Stellar magnetism: 

My research focuses on stellar magnetic fields.  Recently, I argued that it is possible to predict the general properties of the large-scale magnetic fields of low-mass stars from their location in the Hertzsprung-Russell diagram (Gregory et al 2012). 

Previously, I have explored how results from geomagnetism, classical electromagnetism, and molecular physics can be adopted for models of stellar magnetic fields (Gregory et al 2010; Gregory 2011).

A Hertzsprung-Russell diagram coloured to highlight the four magnetic topology regimes across the pre-main sequence that are now apparent from magnetic mapping studies (from Gregory et al 2012). Isochrones (dotted lines; 0.25, 1, 5, 10, and 15 Myr) and mass tracks (solid lines that change from black to red as a star transitions from fully to partially convective; 0.1, 0.5, 1.0, 2.0, and 3.0 solar mass) are from the models of Siess et al (2000). Stars located to the left of the right-hand solid blue line have radiative cores while those to the right are fully convective. Stars located to the left of the left-hand solid blue line have large radiative cores (Mcore/M*>0.4) while those between the solid blue lines have small radiative cores (0<Mcore/M*<0.4). Stars located in region 1 have large radiative cores generate complex non-axisymmetric large-scale magnetic fields with many high order multipole components.  Stars in region 2 have small radiative cores and generate dominantly axisymmetric magnetic fields but field modes of higher order than the dipole dominate (typically, but not always, the octupole). Stars in region 3 are fully convective and host simple axisymmetric fields with strong (kilo-Gauss) dipole components. Based on the similarity between the magnetic fields of PMS stars and MS M-dwarfs with similar internal structures, there may exist a region 4 where a bistable dynamo process operates and where stars generate a variety of magnetic topologies.  The dashed blue lines denote lower and upper limits on the boundary between regions 3 & 4 which remains unconstrained observationally.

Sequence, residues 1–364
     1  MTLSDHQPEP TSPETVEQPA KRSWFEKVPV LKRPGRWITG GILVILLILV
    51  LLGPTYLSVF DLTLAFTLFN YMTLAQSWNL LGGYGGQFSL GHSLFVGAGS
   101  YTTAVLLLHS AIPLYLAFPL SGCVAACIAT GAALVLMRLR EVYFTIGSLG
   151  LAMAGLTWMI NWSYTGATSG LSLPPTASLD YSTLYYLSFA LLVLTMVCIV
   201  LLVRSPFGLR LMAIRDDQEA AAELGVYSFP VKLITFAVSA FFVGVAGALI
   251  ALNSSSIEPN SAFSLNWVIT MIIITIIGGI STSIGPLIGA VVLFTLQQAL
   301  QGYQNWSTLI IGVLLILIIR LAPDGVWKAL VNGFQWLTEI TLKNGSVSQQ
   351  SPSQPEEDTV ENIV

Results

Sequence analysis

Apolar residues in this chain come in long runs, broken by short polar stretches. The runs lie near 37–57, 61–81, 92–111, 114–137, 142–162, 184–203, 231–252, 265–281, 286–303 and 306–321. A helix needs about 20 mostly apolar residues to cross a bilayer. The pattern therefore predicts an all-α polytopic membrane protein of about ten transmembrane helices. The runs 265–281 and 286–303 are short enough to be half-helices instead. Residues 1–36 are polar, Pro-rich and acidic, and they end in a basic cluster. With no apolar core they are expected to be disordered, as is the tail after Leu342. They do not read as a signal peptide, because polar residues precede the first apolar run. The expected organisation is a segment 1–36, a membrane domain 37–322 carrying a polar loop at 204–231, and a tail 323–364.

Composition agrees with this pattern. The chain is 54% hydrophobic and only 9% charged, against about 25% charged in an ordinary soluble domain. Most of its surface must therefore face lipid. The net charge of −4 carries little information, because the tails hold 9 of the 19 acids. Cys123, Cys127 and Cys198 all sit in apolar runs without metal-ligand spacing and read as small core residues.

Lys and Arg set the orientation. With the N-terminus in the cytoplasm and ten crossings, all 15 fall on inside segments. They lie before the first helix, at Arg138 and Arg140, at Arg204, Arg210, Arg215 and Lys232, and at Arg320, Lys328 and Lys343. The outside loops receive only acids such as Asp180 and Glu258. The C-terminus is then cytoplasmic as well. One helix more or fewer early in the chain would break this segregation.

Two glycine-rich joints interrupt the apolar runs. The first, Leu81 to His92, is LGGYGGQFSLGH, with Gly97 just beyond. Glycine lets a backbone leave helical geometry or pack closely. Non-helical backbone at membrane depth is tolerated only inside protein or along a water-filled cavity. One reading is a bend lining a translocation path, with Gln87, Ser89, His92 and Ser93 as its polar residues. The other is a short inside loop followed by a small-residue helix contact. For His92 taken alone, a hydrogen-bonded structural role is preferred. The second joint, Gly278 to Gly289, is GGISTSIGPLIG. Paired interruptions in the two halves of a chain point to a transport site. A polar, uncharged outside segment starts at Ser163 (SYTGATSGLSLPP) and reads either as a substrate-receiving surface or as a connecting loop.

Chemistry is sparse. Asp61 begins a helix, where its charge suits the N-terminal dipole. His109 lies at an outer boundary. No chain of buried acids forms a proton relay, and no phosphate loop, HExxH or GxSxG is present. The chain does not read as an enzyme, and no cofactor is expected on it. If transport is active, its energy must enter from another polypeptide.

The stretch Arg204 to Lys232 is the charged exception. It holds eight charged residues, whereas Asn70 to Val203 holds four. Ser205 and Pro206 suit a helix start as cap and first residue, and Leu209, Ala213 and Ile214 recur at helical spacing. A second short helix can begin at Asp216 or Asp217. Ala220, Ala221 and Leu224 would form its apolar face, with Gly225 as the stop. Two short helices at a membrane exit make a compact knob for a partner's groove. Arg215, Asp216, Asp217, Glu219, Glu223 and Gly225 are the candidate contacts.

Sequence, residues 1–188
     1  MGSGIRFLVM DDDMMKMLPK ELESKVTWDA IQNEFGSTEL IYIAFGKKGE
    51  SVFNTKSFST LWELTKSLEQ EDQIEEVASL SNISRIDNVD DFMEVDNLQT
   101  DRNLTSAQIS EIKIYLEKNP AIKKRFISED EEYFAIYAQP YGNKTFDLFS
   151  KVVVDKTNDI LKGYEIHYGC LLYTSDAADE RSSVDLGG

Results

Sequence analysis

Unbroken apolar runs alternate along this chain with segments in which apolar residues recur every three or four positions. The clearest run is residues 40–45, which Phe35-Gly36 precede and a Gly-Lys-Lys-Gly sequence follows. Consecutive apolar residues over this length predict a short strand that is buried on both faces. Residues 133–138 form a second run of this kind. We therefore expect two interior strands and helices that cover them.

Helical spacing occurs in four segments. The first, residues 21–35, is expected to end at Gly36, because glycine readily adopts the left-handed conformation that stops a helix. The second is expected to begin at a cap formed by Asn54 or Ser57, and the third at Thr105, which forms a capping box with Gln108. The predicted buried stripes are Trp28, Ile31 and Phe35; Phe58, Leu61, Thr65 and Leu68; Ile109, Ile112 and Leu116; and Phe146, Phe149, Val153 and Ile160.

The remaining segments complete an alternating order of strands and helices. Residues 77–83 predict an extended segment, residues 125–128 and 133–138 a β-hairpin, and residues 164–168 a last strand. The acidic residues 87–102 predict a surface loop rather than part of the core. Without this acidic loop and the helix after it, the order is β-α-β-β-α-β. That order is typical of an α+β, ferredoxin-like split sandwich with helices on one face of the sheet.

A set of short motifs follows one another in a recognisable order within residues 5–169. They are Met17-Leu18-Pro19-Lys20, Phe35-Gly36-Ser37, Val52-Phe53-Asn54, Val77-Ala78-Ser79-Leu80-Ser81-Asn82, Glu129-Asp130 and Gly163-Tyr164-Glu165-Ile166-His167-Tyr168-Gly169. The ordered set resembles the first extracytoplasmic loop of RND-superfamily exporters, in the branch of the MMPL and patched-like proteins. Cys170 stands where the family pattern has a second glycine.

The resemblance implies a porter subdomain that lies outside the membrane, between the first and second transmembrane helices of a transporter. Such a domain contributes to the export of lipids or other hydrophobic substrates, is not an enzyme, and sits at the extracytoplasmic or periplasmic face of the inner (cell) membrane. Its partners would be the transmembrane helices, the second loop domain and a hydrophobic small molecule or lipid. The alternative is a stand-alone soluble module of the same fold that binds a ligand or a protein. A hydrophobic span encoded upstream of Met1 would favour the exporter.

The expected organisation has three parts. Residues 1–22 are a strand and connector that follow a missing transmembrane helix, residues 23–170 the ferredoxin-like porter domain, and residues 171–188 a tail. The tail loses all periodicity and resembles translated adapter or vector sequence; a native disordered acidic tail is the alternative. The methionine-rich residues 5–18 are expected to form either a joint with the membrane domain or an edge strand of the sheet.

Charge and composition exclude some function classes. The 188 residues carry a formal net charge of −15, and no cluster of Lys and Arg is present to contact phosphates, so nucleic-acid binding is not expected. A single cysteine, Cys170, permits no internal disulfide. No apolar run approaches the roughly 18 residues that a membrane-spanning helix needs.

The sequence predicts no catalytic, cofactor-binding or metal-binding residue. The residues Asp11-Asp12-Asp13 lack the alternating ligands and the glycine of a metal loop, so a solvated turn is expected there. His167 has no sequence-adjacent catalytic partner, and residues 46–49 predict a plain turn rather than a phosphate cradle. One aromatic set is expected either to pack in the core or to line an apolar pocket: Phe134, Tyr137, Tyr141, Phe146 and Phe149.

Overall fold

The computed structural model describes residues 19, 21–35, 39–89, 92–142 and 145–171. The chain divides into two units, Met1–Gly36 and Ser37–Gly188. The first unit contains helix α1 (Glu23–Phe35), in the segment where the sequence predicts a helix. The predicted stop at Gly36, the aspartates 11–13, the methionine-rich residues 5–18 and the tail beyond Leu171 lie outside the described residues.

Mapping the magnetic fields of newborn stars:

I am the lead theory CoI on the ongoing Magnetic Protostars & Planets (MaPP) project (PI: J.-F. Donati) which has produced the first maps of the large scale magnetic fields of accreting pre-main sequence stars, using the technique of Zeeman-Doppler imaging (e.g. Donati et al 2011a, 2012; see Gregory & Donati 2011 for a review).    

Magnetic maps of the accreting PMS star V2129 Oph (Donati et al 2011b) showing the field components in flattened polar projection. The bold black line represents the stellar equator and dotted lines denote lines of constant latitude separated by 30o. Red/blue is positive/negative field with fluxes labelled in Gauss. Numbers/tick marks around the circumference denote rotation phase/phase of observation. V2129 Oph has a dominantly octupolar large-scale magnetic field, and its magnetosphere is well described by a tilted dipole plus a tilted octupole component (Gregory & Donati 2011).

Analytic & numerical models of magnetospheres:

I have developed analytic and numerical models using arbitrarily complex magnetic fields that can be applied to both stellar and planetary magnetospheres (Gregory et al 2010; Gregory & Donati 2011), and explored the implications on accretion flows  (Gregory et al 2006a, 2008; Adams & Gregory 2012). Multipolar magnetospheres are required to explain a number of observational results, from the modulation of X-ray emission to the magnitude of accretion hotspot filling factors (Gregory et al 2007, 2008).

High energy stellar activity: 

I have worked on models of coronal X-ray emission using stellar magnetic maps as inputs (Gregory et al 2006b).  Recently, I have contributed to studies of X-ray flares from pre-main sequence stars (Johnstone et al 2012; Aarnio et al 2012), and studies of soft X-ray emission from accretion spots (Argiroffi et al 2011, 2012).